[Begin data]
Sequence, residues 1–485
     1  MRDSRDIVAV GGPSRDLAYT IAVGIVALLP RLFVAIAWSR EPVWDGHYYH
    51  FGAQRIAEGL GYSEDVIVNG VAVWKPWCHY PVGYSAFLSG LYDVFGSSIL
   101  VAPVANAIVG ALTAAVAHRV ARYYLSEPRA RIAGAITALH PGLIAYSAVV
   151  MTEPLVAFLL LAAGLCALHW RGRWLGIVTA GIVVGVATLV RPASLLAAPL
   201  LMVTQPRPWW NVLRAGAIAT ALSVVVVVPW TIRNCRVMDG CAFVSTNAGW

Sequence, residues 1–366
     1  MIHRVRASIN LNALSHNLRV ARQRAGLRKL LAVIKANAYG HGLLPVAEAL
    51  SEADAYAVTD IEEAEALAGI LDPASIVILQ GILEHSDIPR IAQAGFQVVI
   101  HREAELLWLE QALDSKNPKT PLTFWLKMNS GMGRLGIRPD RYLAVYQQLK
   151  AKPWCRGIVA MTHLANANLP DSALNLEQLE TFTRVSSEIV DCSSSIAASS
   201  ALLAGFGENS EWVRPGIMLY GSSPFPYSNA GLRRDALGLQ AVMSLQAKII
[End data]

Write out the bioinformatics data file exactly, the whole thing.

Sequence, residues 1–485
     1  MRDSRDIVAV GGPSRDLAYT IAVGIVALLP RLFVAIAWSR EPVWDGHYYH
    51  FGAQRIAEGL GYSEDVIVNG VAVWKPWCHY PVGYSAFLSG LYDVFGSSIL
   101  VAPVANAIVG ALTAAVAHRV ARYYLSEPRA RIAGAITALH PGLIAYSAVV
   151  MTEPLVAFLL LAAGLCALHW RGRWLGIVTA GIVVGVATLV RPASLLAAPL
   201  LMVTQPRPWW NVLRAGAIAT ALSVVVVVPW TIRNCRVMDG CAFVSTNAGW

Sequence, residues 1–366
     1  MIHRVRASIN LNALSHNLRV ARQRAGLRKL LAVIKANAYG HGLLPVAEAL
    51  SEADAYAVTD IEEAEALAGI LDPASIVILQ GILEHSDIPR IAQAGFQVVI
   101  HREAELLWLE QALDSKNPKT PLTFWLKMNS GMGRLGIRPD RYLAVYQQLK
   151  AKPWCRGIVA MTHLANANLP DSALNLEQLE TFTRVSSEIV DCSSSIAASS
   201  ALLAGFGENS EWVRPGIMLY GSSPFPYSNA GLRRDALGLQ AVMSLQAKII